Natural history is fascinating. Today we are going to hear from Elizabeth Rush, a cultural resources intern through the American Conservation Experience. One of the many neat tasks she has, is working alongside Region Five’s Historic Preservation Officer, Amy Wood, looking at multiple artifacts from National Wildlife Refuges, some dating all the way back to the ‘old stone age’ period of mastodons and primitive human tools. Many of them are even featured on displays for guests, like you, to view! Rush has traveled all across the northeast region going from refuge to refuge, and today she shares what makes her so passionate about her line of work in such a unique internship.
Conducting a region wide inventory of Museum Property at refuges has brought me to many beautiful places, and allowed me to (re)discover many fascinating objects in the care of the U.S. Fish and Wildlife Service. Some artifacts I have inventoried are more remarkable than others, but all serve to tell the story of how humans have used wildlife refuges for thousands of years.
During one of my first refuge visits last summer I was amazed to discover, carefully boxed in an environmentally controlled archival room, a very large mastodon tooth. The mastodon, now extinct, existed from the Miocene to the Pleistocene time period, between 23 to 13,000 years ago. They were very large and similar to elephants, but covered in fur.
I had never had the opportunity to be so close to, let alone handle, such a beautiful and complete specimen of mega-fauna before that moment. I was instantly transported back in time imagining the immense and noble beasts roaming the north east and I was absolutely delighted. I remember thinking nothing I inventory will come close to being as cool as this! And I was proven wrong the following spring. My second encounter with the remains of mega-fauna at a wildlife refuge was just as exciting and just as surprising. A refuge in our region accidentally discovered the remains of multiple eastern elk, a large mega-faunal ancestor to the majestic elk that call the far west home today. When I first laid eyes on the enormous antlers, so similar to the antlers of the elk I have encountered in the years I spent living in Montana, I was a little confused.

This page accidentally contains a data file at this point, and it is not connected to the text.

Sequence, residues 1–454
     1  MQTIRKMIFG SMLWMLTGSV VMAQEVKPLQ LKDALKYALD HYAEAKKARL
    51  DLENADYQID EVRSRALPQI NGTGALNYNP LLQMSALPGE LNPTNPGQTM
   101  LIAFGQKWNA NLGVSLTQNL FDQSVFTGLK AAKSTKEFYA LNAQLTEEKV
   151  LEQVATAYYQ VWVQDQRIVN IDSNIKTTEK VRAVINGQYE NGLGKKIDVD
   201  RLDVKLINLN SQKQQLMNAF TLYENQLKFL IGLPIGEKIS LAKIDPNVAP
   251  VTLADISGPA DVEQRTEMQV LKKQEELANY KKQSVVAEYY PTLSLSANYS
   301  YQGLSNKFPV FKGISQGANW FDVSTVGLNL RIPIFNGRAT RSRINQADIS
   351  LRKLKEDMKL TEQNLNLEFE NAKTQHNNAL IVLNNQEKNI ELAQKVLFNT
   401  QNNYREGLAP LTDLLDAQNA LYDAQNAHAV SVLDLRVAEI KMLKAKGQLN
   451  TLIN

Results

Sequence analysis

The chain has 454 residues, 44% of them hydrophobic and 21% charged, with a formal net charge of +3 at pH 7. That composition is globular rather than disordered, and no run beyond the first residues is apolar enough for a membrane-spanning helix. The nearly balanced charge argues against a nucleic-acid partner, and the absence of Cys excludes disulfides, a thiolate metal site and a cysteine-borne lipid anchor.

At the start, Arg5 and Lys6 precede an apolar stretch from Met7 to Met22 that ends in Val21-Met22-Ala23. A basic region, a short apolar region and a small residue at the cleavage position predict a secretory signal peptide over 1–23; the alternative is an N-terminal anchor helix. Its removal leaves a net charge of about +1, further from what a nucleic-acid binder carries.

I thought, ‘wait a minute; there aren’t any elk in northern New York, especially no monsters that could have shed these antlers’. Then the realization dawned on me, there was once elk in northern New York, approximately 10,000 years ago. Sure enough, these remains were dated to about 9,500 years before present day. The eastern elk antlers are among my all-time favorite artifacts in the north east region. My museum property visit to this refuge was a great experience. I learned so much about the history of the area through the artifacts stored at the refuge. It is always a great feeling to meet with refuge managers and staff who are excited to teach me about their local history, especially when they have worked so hard to preserve the material culture of their community’s past.
As much of a privilege it was to encounter such astounding artifacts as the mega-fauna remains, there is nothing quite like feeling connected to the Paleoindian people who camped, hunted, and fished on the land and waterways that make up our wildlife refuges. During my refuge visits I have come across some beautiful artifacts made by Paleoindians. One such artifact I found fascinating was a bone or antler pendant. It was hollowed and carved into a perfect circle.
Another amazing paleo artifact I inventoried was an ancient fluted projectile point. The fluting technique or removal of a large central flake (piece of the stone used for tool manufacture) is a diagnostic feature of a projectile point indicating this point may be 12,000 years old. Encountering an artifact such as this is a humbling experience. It is a reminder of mankind’s relationship to the natural world, that these landscapes were utilized and appreciated for as long as humans walked the earth.
This is the same reason why the U.S. Fish and Wildlife Service works to protect these integral and endangered habitats is likely why our refuges have such impressive artifact collections. These landscapes have always been places of life and abundance, and worthy of our efforts to preserve our natural and cultural resources.